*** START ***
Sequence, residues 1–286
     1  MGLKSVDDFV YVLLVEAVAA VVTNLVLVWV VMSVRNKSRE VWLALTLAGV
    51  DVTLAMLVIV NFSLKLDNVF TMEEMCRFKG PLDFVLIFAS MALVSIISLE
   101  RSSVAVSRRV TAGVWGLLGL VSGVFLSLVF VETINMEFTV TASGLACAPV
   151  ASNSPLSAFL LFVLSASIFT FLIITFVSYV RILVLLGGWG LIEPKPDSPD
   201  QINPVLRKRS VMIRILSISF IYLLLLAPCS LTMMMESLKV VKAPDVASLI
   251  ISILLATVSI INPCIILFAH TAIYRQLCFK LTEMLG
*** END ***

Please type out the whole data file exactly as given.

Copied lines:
Sequence, residues 1–286
     1  MGLKSVDDFV YVLLVEAVAA VVTNLVLVWV VMSVRNKSRE VWLALTLAGV
    51  DVTLAMLVIV NFSLKLDNVF TMEEMCRFKG PLDFVLIFAS MALVSIISLE
   101  RSSVAVSRRV TAGVWGLLGL VSGVFLSLVF VETINMEFTV TASGLACAPV
   151  ASNSPLSAFL LFVLSASIFT FLIITFVSYV RILVLLGGWG LIEPKPDSPD
   201  QINPVLRKRS VMIRILSISF IYLLLLAPCS LTMMMESLKV VKAPDVASLI
   251  ISILLATVSI INPCIILFAH TAIYRQLCFK LTEMLG